What Does a Certified Nursing Assistant Do?
If you’re looking for a fulfilling job that makes a difference, then consider becoming a certified nursing assistant (CNA).
A CNA is also called a nursing assistant, nurse’s aide or patient care assistant. The name may depend on the state you work in. As we’ll explain in more detail below, each state sets the rules for training and employment of nursing assistants.
Nursing assistants provide hands-on healthcare to patients. Their responsibilities vary, from recording vital signs to helping bathe and dress patients. In some settings, they assist residents with daily living activities. CNAs ensure the safety of patients and provide emotional and psychological support.
They typically work under the direct supervision of a nurse (LPN or RN). They typically work as part of a broader healthcare team that includes doctors, nurses and therapists. Together, they help patients reach their highest level of independence. In some environments, CNAs may have more contact with patients than any other member of the team.
Certified nursing assistants often see people at their most vulnerable. Being kind while providing dignity to a patient is crucial.
This in-demand job is an opportunity to work with patients directly and make a difference in their daily lives. If this sounds like a career you want to explore, keep reading to learn more about training and other requirements.
- Clean and bathe patients while providing privacy and dignity
- Help patients get dressed
- Turn and reposition patients to help them avoid bedsores
- Transfer patients between beds and wheelchairs and help them maintain or increase their ability to walk
- Observe, listen to and document patients’ health concerns or changes in condition and report that information to nurses
- Measure patients’ vital signs, such as blood pressure and temperature
- Serve meals and help patients eat
- Administer medications (varies by state)
- Follow infection control procedures
- Help maintain a clean and organized environment
How To Become a Certified Nursing Assistant: FAQs
What steps are required to become a CNA?
Students who want to become nursing assistants must have a high school diploma or equivalent. They will complete a state-approved certificate or diploma program that includes classroom instruction and supervised, on-the-job training.
A smart first step is to look for programs approved by your state’s nursing board and accredited by the National League for Nursing Accredited Commission (NLNAC). Without these stamps of approval, you may not be able to get financial aid or take the CNA exams that allow you to work.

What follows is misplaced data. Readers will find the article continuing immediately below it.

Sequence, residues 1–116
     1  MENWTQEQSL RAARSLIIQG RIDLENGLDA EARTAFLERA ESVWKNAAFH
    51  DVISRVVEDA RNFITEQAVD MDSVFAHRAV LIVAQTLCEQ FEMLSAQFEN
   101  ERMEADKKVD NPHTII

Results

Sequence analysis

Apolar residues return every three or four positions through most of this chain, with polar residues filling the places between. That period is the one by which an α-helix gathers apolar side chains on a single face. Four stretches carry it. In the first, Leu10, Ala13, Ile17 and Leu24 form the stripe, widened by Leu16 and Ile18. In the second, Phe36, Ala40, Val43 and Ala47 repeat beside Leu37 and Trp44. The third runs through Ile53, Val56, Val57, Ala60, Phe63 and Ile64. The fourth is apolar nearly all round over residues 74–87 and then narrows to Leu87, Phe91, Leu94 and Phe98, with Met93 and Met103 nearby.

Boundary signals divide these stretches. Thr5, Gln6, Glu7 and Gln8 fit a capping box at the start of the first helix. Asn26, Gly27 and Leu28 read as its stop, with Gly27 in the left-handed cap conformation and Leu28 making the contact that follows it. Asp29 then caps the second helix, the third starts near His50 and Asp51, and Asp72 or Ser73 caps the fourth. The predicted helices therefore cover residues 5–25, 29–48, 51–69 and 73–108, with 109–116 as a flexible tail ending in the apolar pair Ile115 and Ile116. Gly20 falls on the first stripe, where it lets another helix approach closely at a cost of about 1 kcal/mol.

Technical schools, community colleges, hospitals and nursing homes offer CNA programs. These programs may also lead to placements, where nursing assistants do additional training to get familiar with site-specific policies.
In these programs, students learn a wide variety of tasks including how to safely move patients, help patients bathe, take vital signs, how to work in different settings and how to care for common conditions.
Students must pass a state certification exam, which includes a written test and a clinical skills exam. Once nursing assistants pass the exam, they are listed on their state's registry, which is required for employment in some settings, such as nursing homes.
Rules vary by state for licensing, certification and even job title. However, even in states where certification isn’t required, it’s a smart way to prove to employers that you’ve mastered the skills needed to do the job.
CNA certification typically lasts two years and may require continuing education for renewal. Nursing assistants working on some states can also earn other credentials, such as Certified Medication Assistant (CMA), which is necessary to give medications. Additional credentials include CNA II, which allows a nursing assistant to work in a hospital.
If you want to advance in the medical field, there will be opportunities to reskill or upskill. You can build on the hands-on experience of a CNA to become a licensed practical nurse (LPN/LVN) and earn a good salary bump. From there, if you’re willing to work hard, you could become a registered nurse.
The good news is there is opportunity no matter what career level feels like the best fit for you.
Are there any other qualifications?
Some employers require a background check. Continuing education is common, but the rules vary by state.
How long does it take to become a CNA?
Most programs take from four to 12 weeks.
Where do CNAs work?
They work in hospitals, nursing homes, doctors’ offices, clinics, hospice care centers, other medical settings and private homes. This level of patient care is needed at all hours of the day. Night, weekend and holiday work is often required.
What’s the job outlook?
Job opportunities for nursing assistants and all types of nurses are growing fast. Demand for this job is strong, especially in home- and community-based settings. The Bureau of Labor Statistics predicts at least 5% growth for nursing assistants and orderlies from 2021 to 2031.
Being a nursing assistant also offers job flexibility. CNAs can work part-time or full-time in a variety of settings.
What skills and qualities would make someone a good fit for this job?
Successful CNAs tend to possess these traits:
- Excellent communication skills
- Physical stamina to perform routine tasks
- Possess a good understanding of medical technology
- Good problem-solving skills
- Ability to adapt and improvise